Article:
6. "{{Twig}} is breaking by back."
Oh come off it! Twig is easy and syntactically not a great departure from PHPTemplate. But your templates end up cleaner and easier to work with for themers. Check out this one-page tutorial. See? It's not hard.
Then copy an existing core .html.twig template and adjust to fit your needs.
D8: +1

7. "I need to learn Oh-Oh..."
Yes, Object Oriented basics would be good. Copying & pasting and following patterns found in other modules will get you started producing working D8 code. To understand what overriding is and not to forget to call the parent in the first line of the function body will be a bonus. So read up and don't be baffled by symbols like :: and -> or the use of camelCase.
Also, look at it this way: in the process of learning D8, you'll learn how the rest of the world does programming. Not a bad skill to have...
D8: +1

To summarise, in the words of the goddess of victory: Just do it!

Add your own D8 tips and traps to the comments below!

*) After publication a few translations have been suggested for this Dutch phrase. The one that seems to suit best is "Good riddance to bad rubbish!"

1st picture: Western Maryland Railroad
2nd picture: SodaHead

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$value = isset(somelongarrayname[$key][0]['name']) ? somelongarrayname[$key][0]['name'] : 'not set';


$value = somelongarrayname[$key][0]['name'] ?: 'not set';

no it does not. isset is still necessary if you do not know whether it's set. Your code throws a notice. The shorthand can only be used for

$value = somelongarrayname[$key][0]['name'] ? somelongarrayname[$key][0]['name'] : 'empty';

Code example updated.

another great positive article, thanks

Awesome article.

Thats the best you can do? Go ahead and insult those that don't drink the cool aid and have legitimate concerns all you want. https://drupal.org/node/2067087 and https://drupal.org/node/2066783 as well as all chx's posts speak for themselves. When the drupal contributor community, which now includes boatloads of non cool aid drinkers, is cut in half, and modules go abandoned, we'll see how great this was for 'Drupal' or whatever it really is now.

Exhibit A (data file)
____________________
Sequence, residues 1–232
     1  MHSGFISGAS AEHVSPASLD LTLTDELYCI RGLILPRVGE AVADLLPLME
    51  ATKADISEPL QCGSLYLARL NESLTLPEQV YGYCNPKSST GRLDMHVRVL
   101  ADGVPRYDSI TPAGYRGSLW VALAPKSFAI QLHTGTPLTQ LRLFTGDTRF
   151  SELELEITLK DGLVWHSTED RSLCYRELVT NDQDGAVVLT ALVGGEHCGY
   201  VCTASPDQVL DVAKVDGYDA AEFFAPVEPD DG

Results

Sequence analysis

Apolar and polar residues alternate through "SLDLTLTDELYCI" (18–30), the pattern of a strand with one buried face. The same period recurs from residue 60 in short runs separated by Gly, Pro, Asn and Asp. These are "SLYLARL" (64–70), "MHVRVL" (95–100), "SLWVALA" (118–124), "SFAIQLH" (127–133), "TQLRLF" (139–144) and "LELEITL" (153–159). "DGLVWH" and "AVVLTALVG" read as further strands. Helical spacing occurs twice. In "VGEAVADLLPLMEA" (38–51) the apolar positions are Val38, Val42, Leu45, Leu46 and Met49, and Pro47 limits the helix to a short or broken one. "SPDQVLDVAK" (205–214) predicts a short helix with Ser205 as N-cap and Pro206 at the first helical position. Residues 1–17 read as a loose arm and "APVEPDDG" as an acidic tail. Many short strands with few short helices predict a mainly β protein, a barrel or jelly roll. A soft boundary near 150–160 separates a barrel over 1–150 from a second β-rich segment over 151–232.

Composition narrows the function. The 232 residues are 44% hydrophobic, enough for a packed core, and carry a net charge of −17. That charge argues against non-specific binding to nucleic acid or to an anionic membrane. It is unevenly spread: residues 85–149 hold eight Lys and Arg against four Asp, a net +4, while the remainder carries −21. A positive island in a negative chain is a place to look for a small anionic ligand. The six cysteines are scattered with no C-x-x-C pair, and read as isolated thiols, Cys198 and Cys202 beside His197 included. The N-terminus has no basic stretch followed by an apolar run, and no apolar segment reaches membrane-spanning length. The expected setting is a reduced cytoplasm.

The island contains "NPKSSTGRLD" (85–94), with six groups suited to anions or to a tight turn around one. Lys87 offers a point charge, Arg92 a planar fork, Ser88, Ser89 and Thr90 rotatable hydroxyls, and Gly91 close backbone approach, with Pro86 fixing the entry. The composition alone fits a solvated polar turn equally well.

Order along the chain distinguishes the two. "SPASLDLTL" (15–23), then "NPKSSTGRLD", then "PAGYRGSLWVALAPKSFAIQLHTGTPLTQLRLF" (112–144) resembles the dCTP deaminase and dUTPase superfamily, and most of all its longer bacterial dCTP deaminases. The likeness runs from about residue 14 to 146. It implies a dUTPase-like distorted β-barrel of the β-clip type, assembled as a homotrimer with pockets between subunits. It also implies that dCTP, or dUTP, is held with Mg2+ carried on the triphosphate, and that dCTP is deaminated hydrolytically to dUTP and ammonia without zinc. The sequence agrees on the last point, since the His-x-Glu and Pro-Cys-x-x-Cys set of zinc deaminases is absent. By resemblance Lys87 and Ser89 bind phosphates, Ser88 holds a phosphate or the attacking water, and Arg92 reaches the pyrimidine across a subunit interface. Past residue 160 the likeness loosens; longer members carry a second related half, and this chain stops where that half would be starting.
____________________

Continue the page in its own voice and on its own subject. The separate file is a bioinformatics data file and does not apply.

No need to take anyone's word for it though.... time will be the judge, it always is. And yes, I actually hope I'm wrong.

Take it easy

Sentiments like "stop whinging" and "get over it" are incredibly dismissive and the opposite of community building. But so is characterizing the people who donate enormous amounts of their time and energy trying to evolve core as "cool aid drinkers."

It's easy to let our frustrations take over, but it's precisely at that moment that we need to remind ourselves that the people we're talking about earnestly want what's best for Drupal. That's the starting point.

"The opposite of community building"... Come on! Get o'..... oops... If taking offense to the lightness of touch and a bit of fun with the English language is the only thing you take away from the intent of this article --which is for all of us to be constructive and get on with the job that is D8-- then you are 1) boring and 2) standing by the sideline. How many hours do you think I invested in porting my own and other people's modules before I summarised my experiences above, so that others would be able to avoid the pitfalls I fell in? I too want "what's best for Drupal". Point us to what you have done to "build this community", Les.